May 19, 2008
Feta Cheese Combats Food Pathogens—Naturally
By Michael D. Shaw
While the benefits of the Mediterranean diet are well-known, and many of us enjoy a Greek salad, researchers have now discovered that feta cheese—made from raw milk—can actually prevent food poisoning. This finding was presented at the Society for General Microbiology’s 162nd meeting, held last month in Edinburgh.
Listen to Panagiotis Chanos, from the UK’s University of Lincoln, a researcher involved in the project:
“We were able to isolate lactic acid bacteria found in raw sheep milk from small farms in Macedonia, northern Greece. Several of these friendly bacteria naturally produce antibiotics that killed off dangerous food-poisoning bacteria like Listeria. Interestingly, we identified these friendly bacteria as enterococci, more commonly recognized as virulent and/or antibiotic resistant bacteria in hospitals. We found some strains could produce up to three different natural substances to fight different food pathogens.”
If you’re familiar with foodborne diseases, the mention of Listeria should have caught your attention, as it is one of the most feared and dangerous of the food-poisoning bacteria. A peculiar property of Listeria that affects its food-borne transmission is the ability to multiply at low temperatures. The bacteria may therefore grow and accumulate in contaminated food stored in the refrigerator. As such, listeriosis is often associated with ingestion of milk, meat, or vegetable products that have been held at refrigeration temperatures for a long period of time.
The species most identified with disease is Listeria monocytogenes, and although the bacterium was first described in 1926, it would not be until 1981 that this bug was discovered as a cause of foodborne illness. It would take an outbreak of listeriosis in Halifax, Nova Scotia.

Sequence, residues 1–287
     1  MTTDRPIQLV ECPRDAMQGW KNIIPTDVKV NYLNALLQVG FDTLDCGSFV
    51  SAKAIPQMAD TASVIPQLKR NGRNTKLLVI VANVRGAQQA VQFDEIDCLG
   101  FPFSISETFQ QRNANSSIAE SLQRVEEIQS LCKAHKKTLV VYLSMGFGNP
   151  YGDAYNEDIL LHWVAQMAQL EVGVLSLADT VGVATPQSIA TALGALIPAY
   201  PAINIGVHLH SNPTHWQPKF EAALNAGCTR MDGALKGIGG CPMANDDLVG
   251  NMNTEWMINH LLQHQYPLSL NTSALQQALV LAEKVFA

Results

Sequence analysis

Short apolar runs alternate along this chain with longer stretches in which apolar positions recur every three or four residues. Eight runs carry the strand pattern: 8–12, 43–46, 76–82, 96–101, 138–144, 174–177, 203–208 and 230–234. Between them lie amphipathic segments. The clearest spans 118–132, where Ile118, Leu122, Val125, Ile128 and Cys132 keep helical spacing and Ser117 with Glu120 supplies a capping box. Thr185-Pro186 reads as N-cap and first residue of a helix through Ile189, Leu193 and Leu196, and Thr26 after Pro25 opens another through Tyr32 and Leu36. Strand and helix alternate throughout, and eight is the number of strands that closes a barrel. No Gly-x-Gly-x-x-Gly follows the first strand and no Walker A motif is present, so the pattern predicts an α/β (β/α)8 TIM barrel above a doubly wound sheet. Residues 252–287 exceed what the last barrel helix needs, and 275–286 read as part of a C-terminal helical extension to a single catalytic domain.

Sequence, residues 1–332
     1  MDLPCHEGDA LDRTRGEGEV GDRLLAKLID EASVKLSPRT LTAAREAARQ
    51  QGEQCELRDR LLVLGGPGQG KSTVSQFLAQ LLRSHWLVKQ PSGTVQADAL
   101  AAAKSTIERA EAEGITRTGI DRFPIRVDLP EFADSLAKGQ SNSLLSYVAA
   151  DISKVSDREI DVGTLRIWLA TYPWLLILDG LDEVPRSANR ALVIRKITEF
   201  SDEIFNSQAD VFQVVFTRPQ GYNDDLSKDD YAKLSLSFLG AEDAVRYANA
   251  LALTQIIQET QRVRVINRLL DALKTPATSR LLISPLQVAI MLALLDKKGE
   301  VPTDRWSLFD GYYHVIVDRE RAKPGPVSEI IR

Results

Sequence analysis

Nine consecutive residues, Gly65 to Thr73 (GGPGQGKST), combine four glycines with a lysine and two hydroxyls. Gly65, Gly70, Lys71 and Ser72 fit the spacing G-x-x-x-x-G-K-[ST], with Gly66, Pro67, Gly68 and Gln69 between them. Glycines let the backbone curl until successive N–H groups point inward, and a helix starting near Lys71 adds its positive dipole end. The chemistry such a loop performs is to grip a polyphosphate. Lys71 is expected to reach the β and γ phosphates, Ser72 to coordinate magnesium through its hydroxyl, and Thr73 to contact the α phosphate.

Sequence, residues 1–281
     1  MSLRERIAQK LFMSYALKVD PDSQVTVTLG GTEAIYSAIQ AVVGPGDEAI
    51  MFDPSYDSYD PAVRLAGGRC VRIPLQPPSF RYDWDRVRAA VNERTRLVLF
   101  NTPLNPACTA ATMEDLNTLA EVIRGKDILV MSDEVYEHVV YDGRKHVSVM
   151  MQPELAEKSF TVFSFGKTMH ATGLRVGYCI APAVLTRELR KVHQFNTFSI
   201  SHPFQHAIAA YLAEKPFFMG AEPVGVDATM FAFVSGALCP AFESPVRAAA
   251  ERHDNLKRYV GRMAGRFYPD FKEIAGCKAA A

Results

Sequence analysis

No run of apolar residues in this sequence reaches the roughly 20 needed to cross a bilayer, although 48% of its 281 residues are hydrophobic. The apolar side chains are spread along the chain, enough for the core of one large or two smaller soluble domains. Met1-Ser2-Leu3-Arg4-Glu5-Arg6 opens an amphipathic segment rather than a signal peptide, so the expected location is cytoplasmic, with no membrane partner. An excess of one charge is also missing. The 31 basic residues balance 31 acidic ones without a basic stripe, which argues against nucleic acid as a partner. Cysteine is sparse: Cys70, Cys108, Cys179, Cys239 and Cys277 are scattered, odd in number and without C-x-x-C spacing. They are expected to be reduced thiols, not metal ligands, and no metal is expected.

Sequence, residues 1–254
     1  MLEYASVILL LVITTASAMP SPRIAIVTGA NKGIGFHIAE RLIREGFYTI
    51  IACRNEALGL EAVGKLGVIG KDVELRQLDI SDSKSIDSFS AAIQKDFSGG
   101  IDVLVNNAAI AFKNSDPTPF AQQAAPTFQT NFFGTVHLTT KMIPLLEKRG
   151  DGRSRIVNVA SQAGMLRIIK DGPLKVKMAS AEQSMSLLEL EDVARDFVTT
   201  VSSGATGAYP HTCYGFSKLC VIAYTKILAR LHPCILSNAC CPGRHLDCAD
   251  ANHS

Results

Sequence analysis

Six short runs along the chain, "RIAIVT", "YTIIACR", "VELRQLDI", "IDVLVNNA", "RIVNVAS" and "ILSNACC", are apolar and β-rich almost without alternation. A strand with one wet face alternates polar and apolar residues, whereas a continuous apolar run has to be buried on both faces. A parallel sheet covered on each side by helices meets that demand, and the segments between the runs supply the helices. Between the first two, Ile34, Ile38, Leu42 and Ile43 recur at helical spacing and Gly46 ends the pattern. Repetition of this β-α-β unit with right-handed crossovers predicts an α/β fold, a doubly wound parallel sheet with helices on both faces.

There, 41 cases of the infection resulted in 18 deaths—confined mostly to pregnant women and newborns. The tragedy was epidemiologically linked to the consumption of coleslaw, containing cabbage that had been exposed to manure contaminated with the bacterium.
Listeriosis has many manifestations, including septicemia, meningitis, encephalitis, corneal ulcer, pneumonia, and intrauterine or cervical infections in pregnant women, which may result in spontaneous abortion or stillbirth. The typical food-poisoning gastrointestinal symptoms usually precede the more serious ones, and may be the only symptoms expressed. As you might expect, immunocompromised individuals are most at risk, and this does include pregnant women.
In fact, of the 2500 or so people who become seriously ill with listeriosis each year, 27 percent are pregnant women. And, CDC figures indicate that pregnant women are 20 times more likely to become infected than non-pregnant healthy adults.
The naturally produced antibiotics Chanos speaks of are called bacteriocins. But, compared to man-made antibiotics, bacteriocins tend to be quite specialized, having a narrow spectrum of activity, perhaps inhibiting one or two other organisms. Bacteriocins were first posited when people in the dairy processing industry noticed that certain bacteria used in making sour cream could retard spoilage of other foods.
The new research indicates that the bacteria producing these compounds are able to grow in extreme conditions such as low temperatures, and in the salty environment of cheeses. The hope is that the bacteriocins could be a natural substitute for the additives and synthetic preservatives now being put into foods. It is very likely that the bacteriocins would be much more effective, as well as safer.
A perfect partnership of modern science and nature.